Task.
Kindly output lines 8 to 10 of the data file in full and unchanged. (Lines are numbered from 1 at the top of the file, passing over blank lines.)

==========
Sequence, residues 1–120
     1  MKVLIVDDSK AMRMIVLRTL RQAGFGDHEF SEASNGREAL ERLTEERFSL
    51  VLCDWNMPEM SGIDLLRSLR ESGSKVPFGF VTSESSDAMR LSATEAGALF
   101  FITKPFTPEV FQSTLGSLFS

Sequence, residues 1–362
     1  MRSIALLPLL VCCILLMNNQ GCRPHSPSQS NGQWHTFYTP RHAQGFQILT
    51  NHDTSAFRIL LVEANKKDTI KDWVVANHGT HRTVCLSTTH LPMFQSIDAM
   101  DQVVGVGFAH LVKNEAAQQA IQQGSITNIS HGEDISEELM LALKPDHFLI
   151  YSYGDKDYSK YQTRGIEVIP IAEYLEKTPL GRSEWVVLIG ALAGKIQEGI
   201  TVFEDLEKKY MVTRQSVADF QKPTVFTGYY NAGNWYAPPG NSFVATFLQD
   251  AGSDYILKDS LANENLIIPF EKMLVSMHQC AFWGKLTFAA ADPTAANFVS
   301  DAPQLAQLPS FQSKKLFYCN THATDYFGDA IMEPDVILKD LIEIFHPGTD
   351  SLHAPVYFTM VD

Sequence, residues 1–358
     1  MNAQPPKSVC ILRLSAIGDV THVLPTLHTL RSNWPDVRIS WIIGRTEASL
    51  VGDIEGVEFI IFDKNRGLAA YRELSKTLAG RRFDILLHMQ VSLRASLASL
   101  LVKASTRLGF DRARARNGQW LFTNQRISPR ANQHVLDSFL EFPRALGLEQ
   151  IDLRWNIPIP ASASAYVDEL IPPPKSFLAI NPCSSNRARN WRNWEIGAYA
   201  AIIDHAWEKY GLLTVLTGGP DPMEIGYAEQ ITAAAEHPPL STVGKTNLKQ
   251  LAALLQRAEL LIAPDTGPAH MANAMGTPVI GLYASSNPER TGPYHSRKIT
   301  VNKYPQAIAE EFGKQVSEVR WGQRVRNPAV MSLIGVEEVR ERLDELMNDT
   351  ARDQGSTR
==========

   101  DQVVGVGFAH LVKNEAAQQA IQQGSITNIS HGEDISEELM LALKPDHFLI
   151  YSYGDKDYSK YQTRGIEVIP IAEYLEKTPL GRSEWVVLIG ALAGKIQEGI
   201  TVFEDLEKKY MVTRQSVADF QKPTVFTGYY NAGNWYAPPG NSFVATFLQD